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  1. Animals and Humans, Thinking and Nature.David Morris - 2005 - Phenomenology and the Cognitive Sciences 4 (1):49-72.
    Studies that compare human and animal behaviour suspend prejudices about mind, body and their relation, by approaching thinking in terms of behaviour. Yet comparative approaches typically engage another prejudice, motivated by human social and bodily experience: taking the lone animal as the unit of comparison. This prejudice informs Heidegger’s and Merleau-Ponty’s comparative studies, and conceals something important: that animals moving as a group in an environment can develop new sorts of “sense.” The study of animal group-life suggests a new way (...)
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  • Bergsonian Intuition, Husserlian Variation, Peirceian Abduction: Toward a Relation Between Method, Sense and Nature.David Morris - 2005 - Southern Journal of Philosophy 43 (2):267-298.
    Husserlian variation, Bergsonian intuition and Peircean abduction are contrasted as methodological responses to the traditional philosophical problem of deriving knowledge of universals from singulars. Each method implies a correspondingly different view of the generation of the variations from which knowledge is derived. To make sense of the latter differences, and to distinguish the different sorts of variation sought by philosophers and scientists, a distinction between extensive, intensive, and abductive-intensive variation is introduced. The link between philosophical method and the generation of (...)
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  • The Specter of the Past: What the History of Theoretical Biology Means Today.Manfred D. Laubichler - 2007 - Biological Theory 2 (2):131-133.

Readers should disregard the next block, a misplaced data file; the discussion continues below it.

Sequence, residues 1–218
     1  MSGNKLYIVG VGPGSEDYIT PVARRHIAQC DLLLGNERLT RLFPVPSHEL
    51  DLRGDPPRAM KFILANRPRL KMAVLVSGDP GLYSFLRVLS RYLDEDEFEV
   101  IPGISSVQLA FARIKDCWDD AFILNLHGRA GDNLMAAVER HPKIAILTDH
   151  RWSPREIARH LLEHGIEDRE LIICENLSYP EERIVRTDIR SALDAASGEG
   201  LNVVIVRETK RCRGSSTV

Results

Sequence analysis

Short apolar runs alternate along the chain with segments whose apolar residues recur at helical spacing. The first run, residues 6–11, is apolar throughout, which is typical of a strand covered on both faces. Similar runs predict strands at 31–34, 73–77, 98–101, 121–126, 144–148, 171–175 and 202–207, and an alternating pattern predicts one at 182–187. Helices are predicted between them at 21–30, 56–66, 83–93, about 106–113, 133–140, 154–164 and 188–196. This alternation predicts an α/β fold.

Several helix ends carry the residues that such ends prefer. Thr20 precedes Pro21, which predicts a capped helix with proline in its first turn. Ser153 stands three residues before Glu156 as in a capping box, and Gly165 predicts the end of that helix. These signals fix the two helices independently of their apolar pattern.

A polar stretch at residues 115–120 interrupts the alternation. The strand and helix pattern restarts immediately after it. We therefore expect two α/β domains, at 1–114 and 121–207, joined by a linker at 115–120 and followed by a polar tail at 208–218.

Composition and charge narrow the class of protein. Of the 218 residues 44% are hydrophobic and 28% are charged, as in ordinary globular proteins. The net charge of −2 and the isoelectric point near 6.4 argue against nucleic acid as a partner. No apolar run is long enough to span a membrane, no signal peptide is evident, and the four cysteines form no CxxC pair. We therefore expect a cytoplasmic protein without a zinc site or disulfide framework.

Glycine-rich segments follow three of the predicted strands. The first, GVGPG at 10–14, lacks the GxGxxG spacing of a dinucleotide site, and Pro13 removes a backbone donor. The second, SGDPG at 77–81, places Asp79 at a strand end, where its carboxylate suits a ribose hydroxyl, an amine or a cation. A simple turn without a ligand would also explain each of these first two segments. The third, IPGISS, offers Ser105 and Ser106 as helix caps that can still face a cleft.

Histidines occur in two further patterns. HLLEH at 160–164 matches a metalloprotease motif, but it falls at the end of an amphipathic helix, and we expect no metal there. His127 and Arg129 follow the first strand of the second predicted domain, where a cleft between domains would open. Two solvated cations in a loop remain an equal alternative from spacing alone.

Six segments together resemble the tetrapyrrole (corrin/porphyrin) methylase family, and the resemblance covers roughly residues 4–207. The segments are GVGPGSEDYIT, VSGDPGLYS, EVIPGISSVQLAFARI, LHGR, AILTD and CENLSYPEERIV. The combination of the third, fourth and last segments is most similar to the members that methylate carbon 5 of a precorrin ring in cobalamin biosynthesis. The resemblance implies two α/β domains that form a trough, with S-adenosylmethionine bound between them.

• Ernst Mayer, Karl Jordan, and the History of Systematics.Kristin Johnson - 2005 - History of Science 43 (1):1-35.
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  • The Organism is Dead. Long Live the Organism!Manfred D. Laubichler - 2000 - Perspectives on Science 8 (3):286-315.
  • On Guinea Pigs, Dogs and Men: Anaphylaxis and the Study of Biological Individuality, 1902-1939.I. Lowy - 2003 - Studies in History and Philosophy of Science Part C 34 (3):399-423.
    In 1910, Charles Richet suggested that studying individual variations in anaphylactic responses might both open a way to experimental investigation of the biological basis of individuality and help unify the immunological and physiological approaches to biological phenomena. The very opposite would happen however. In the next two decades, physiologists and immunologists interested in anaphylaxis and allergy experienced more and more difficulties in communicating. This divergence between the physiopathological and immunological approaches derived from discrepancies between the experimental systems used by each (...)
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  • What’s so Special About Model Organisms?Rachel A. Ankeny & Sabina Leonelli - 2011 - Studies in History and Philosophy of Science Part A 42 (2):313-323.
    This paper aims to identify the key characteristics of model organisms that make them a specific type of model within the contemporary life sciences: in particular, we argue that the term “model organism” does not apply to all organisms used for the purposes of experimental research. We explore the differences between experimental and model organisms in terms of their material and epistemic features, and argue that it is essential to distinguish between their representational scope and representational target. We also examine (...)
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  • Regeneration: Thomas Hunt Morgan's Window Into Development. [REVIEW]Mary Evelyn Sunderland - 2010 - Journal of the History of Biology 43 (2):325 - 361.
    Early in his career Thomas Hunt Morgan was interested in embryology and dedicated his research to studying organisms that could regenerate. Widely regarded as a regeneration expert, Morgan was invited to deliver a series of lectures on the topic that he developed into a book, Regeneration (1901). In addition to presenting experimental work that he had conducted and supervised, Morgan also synthesized and critiqued a great deal of work by his peers and predecessors. This essay probes into the history of (...)
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  • From the Genetic to the Computer Program: The Historicity of 'Data' and 'Computation' in the Investigations on the Nematode Worm C. Elegans (1963–1998). [REVIEW]Miguel García-Sancho - 2012 - Studies in History and Philosophy of Science Part C 43 (1):16-28.